On July 8, 2020, the California Court of Appeals held that when an employee fails to initial a specific part of an arbitration agreement, but still signs it, the agreement is still enforceable.
Plaintiff Joseph Martinez brought a series of employment claims against his former employer, BaronHR, Inc., which moved to compel arbitration. Martinez opposed the motion to compel arbitration on the ground that he did not initial the provision outlining his agreement to waive his right to a trial by jury. Martinez argued that the absence of his initials expressed an intent not to arbitrate despite the fact that he actually signed the bottom of the agreement. The trial court agreed with Martinez, and BaronHR appealed.
The Court of Appeals reversed the trial court’s decision and compelled Martinez to arbitrate his claims. The Court found that the absence of Martinez’s initials on one specific provision was “of no legal consequence” because Martinez’s signature at the end of the agreement supported his intent to agree to all the terms therein.
The Court distinguished this holding from the holdings in Esparza v. Sand & Sea, Inc. and Mitri v. Arnel Management Co. The Court noted that in both of those cases, the employer sought to compel arbitration on the basis of an agreement included in an employee handbook, and they were not “stand-alone” agreements signed by the employee. The Court held that a signed stand-alone agreement evidences an intent to abide by the terms of the agreement.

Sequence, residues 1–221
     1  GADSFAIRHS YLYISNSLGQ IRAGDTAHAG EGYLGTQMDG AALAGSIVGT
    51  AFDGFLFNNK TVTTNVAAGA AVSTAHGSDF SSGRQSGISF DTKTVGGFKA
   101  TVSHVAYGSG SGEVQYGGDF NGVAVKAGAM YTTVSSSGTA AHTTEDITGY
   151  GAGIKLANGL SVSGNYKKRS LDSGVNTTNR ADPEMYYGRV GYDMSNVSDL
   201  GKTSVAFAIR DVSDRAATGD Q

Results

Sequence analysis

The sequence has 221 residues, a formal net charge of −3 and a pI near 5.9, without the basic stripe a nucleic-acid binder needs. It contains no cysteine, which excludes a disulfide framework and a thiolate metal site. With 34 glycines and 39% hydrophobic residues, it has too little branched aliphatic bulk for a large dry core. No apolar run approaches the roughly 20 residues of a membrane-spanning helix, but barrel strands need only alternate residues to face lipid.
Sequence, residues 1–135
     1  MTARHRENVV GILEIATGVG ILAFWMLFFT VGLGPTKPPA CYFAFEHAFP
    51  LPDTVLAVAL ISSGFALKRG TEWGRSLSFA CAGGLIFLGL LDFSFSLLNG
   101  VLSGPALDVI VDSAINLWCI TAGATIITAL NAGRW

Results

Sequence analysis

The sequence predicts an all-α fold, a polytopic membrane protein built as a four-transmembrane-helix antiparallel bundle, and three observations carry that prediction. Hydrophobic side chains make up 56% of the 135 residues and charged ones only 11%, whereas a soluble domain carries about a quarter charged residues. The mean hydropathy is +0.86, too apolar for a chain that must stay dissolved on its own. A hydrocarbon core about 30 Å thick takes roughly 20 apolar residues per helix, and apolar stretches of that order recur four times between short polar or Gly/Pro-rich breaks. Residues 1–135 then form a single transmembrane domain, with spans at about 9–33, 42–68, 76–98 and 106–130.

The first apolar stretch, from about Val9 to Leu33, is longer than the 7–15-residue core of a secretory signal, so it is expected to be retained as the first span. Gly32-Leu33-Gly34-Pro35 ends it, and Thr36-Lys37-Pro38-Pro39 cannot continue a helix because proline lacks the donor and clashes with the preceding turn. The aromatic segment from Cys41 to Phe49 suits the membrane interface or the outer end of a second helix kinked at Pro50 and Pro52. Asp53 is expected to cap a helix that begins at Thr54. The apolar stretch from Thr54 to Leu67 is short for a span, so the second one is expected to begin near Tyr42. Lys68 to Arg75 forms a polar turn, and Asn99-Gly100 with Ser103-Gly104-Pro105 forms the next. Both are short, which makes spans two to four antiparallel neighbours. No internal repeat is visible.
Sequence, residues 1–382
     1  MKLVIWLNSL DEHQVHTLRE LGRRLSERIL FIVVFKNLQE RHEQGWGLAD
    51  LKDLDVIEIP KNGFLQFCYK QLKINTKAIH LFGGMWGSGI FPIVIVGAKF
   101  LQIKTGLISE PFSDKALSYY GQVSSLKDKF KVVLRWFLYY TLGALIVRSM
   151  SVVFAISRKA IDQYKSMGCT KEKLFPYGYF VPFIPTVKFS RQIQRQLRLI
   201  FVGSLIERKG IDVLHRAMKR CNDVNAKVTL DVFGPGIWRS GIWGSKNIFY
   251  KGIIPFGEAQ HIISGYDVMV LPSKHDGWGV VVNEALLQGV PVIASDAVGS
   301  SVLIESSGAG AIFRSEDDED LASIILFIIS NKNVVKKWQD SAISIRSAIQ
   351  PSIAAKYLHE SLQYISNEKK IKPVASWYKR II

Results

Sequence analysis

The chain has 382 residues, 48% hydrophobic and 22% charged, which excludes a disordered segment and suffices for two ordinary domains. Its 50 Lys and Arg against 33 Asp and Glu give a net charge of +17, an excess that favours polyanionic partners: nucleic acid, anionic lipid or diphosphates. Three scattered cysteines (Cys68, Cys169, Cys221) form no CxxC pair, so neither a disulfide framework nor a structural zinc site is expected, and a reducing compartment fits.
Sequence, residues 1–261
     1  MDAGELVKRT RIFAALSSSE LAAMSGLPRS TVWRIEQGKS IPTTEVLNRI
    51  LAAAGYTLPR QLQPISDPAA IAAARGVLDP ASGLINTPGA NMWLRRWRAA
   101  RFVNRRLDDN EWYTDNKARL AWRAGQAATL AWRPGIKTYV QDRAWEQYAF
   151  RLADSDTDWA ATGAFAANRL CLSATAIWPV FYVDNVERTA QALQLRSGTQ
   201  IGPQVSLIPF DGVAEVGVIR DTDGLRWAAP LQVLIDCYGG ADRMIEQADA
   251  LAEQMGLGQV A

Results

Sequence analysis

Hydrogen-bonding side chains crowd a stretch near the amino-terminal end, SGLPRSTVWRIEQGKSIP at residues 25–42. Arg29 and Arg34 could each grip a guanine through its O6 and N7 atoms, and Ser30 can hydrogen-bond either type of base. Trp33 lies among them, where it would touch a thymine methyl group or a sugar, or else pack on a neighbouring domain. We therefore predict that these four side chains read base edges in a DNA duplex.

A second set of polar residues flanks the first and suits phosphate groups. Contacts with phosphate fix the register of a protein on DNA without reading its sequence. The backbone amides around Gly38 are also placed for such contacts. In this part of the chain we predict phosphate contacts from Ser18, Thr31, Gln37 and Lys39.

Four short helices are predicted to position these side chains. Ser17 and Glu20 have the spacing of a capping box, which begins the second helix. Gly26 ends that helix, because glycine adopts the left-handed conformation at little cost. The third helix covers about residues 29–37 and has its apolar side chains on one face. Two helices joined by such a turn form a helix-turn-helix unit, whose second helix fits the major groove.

Arbitration agreements are one of the best defenses an employer can implement against class actions and costly legal battles. This case presents yet another example of the variety of novel arguments being pursued by plaintiffs’ attorneys in an effort to avoid enforceability of arbitration agreements in California.
This decision, while beneficial for employers, stands as yet another reminder for employers to ensure that their arbitration agreements are stand-alone agreements, executed by the employees—and also to ensure that their agreements comply with the multiple requirements under California law.